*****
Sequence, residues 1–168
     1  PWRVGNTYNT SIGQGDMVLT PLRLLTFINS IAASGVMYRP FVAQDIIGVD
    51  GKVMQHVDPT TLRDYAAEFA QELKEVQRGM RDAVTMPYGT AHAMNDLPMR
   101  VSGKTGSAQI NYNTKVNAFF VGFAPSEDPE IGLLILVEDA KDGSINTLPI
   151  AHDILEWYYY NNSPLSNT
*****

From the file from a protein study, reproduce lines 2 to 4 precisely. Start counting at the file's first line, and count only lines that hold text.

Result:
     1  PWRVGNTYNT SIGQGDMVLT PLRLLTFINS IAASGVMYRP FVAQDIIGVD
    51  GKVMQHVDPT TLRDYAAEFA QELKEVQRGM RDAVTMPYGT AHAMNDLPMR
   101  VSGKTGSAQI NYNTKVNAFF VGFAPSEDPE IGLLILVEDA KDGSINTLPI